Mr. Driller G is the third game in a Namco-developed puzzle game series that seems to have dropped off the face of the map around 2004 or so. The first game in the series, released back in 1999, bombed miserably in the US despite a pretty big push from Namco, but was popular enough in Japan to foster several sequels, only a few of which made it to American shores. Mr. Driller G was not one of those games (it was released for the Japanese Playstation in 2001), but I decided to take a look at it anyway. I'm... regretting it now, but here goes!
The original Mr. Driller's core play mechanics have remained nearly unchanged through the many iterations of the series: starting from the surface, drill through the fruitcake-like depths of the earth to reach a certain depth. Like-colored blocks will stick together and can be drilled away at once, while the brown "x" blocks require more drilling to remove and will also drain your supply of oxygen. Besides these basic rules, the flow of the game consists of rushing to the bottom without being "crushed like a frickin' omelette", while also making sure to pick up oxygen capsules to prevent a case of Surprisingly Adorable Asphyxiation.
Unfortunately for me, Mr. Driller G is a lot like its sequels on the Gamecube, Game Boy Advance and Nintendo DS, which means I don't have a lot to talk about! There's Mission Driller mode, where you start at one of several different cities with the aim of drilling to a specific depth. There's Time Attack Driller, which is pretty self-explanatory. Finally, there's Scenario Driller, which is... pretty boring.
Well, that's not entirely fair! It's got some things going for it, aesthetically. Structurally, it's set up to look like a series of episodes in a hypothetical Mr. Driller cartoon show. What's odd is that it takes some of its stylistic cues from Clutch Cargo, or any cheaply produced work of American television animation from the 50s and 60s, instead of from Japanese animation of the same time frame. They only went halfway, with the voice acting and dialogue being entirely Japanese, but it's an interesting choice, regardless.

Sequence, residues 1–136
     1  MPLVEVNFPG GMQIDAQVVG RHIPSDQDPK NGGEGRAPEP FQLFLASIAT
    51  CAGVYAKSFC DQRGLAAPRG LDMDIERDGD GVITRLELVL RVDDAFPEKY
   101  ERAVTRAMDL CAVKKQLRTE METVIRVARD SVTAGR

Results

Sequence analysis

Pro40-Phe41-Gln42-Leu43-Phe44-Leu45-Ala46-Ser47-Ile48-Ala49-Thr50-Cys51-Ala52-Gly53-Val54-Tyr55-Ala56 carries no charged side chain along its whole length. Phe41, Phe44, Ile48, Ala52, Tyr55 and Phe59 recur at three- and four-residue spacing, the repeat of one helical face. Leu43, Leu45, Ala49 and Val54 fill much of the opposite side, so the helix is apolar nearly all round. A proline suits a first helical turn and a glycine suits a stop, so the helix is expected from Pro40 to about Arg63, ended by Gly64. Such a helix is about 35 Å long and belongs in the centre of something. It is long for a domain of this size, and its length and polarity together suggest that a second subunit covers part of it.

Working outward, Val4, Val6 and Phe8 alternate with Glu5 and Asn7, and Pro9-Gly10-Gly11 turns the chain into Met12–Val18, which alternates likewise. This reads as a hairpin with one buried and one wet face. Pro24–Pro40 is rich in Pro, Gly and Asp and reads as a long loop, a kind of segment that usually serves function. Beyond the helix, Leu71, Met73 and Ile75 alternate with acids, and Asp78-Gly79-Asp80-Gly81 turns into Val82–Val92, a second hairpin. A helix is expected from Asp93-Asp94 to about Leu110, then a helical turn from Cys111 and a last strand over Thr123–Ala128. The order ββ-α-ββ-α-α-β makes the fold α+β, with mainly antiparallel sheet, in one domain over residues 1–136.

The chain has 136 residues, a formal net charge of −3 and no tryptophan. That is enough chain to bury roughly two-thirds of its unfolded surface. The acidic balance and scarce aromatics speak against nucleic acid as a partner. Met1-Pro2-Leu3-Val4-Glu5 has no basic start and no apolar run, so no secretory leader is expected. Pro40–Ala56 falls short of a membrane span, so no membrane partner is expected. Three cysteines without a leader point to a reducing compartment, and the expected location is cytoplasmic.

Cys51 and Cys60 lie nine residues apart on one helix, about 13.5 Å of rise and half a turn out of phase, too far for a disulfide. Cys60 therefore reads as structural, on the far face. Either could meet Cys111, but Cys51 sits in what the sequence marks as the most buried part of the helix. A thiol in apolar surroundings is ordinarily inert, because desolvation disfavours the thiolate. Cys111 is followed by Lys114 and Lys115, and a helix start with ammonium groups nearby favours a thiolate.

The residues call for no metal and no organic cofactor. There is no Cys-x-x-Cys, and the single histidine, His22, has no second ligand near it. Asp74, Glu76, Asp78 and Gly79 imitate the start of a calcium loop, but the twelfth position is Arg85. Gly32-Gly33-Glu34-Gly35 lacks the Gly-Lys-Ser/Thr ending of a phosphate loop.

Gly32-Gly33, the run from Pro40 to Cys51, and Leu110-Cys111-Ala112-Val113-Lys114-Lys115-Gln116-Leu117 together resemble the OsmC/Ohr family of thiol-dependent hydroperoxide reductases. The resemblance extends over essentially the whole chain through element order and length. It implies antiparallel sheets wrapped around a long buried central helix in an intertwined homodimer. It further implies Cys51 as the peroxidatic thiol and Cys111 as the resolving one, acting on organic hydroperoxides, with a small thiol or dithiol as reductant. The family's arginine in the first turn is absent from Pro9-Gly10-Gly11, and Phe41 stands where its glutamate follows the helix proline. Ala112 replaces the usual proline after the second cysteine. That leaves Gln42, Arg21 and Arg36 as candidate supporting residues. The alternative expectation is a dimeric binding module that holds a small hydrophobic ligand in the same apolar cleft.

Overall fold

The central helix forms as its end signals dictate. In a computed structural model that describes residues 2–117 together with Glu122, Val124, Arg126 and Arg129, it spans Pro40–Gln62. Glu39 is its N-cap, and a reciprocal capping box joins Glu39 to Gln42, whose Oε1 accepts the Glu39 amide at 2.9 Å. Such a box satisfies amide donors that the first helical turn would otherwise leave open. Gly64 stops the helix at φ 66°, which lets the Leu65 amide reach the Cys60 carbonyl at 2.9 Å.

Anyway, that's the interesting part. The boring part: Scenario Driller eschews the speed and skill-focused play mechanics of the other game modes. Normally, your oxygen supply decreases at a constant rate, effectively serving as a time limit. In Scenario Driller, however, your oxygen decreases by a set amount every time you drill through a block, and serves as a limit on your movement, instead.
The other big change is the inclusion of "Dristones," which appear a little more often than oxygen capsules, and have a variety of effects - destroying all like-colored blocks on the screen, changing one color block to another, refilling your oxygen, etc.
Unfortunately, their implementation is clumsy. To use a dristone, you have to open up a separate menu and make a selection, which kills any flow the game may have had. The result is stuttering and boring, in addition to being a little unnecessarily time consuming when compared to the rest of the game. Kind of a shame, but I'm sure that there are also people out there who really dig dristone mode. Hmmm.
All the modes are complemented with a really wonderful, almost over-produced soundtrack, courtesy of Go Shigo and Tomoko Tatsuya, the game's sound design guys. They really outdid themselves, to the point where they smartly decided to reuse the music from G in Drill Land, a sequel to this series released on the Gamecube in 2002. And hey, thank goodness, because while there are no videos of G on youtube, there are plenty of Drill Land. It's a very similar game, with a lot of the same music, so it should suffice as a video demonstration of what G's all about.
On Thursday: Professor Layton and the Curious Village gets a stern high-five.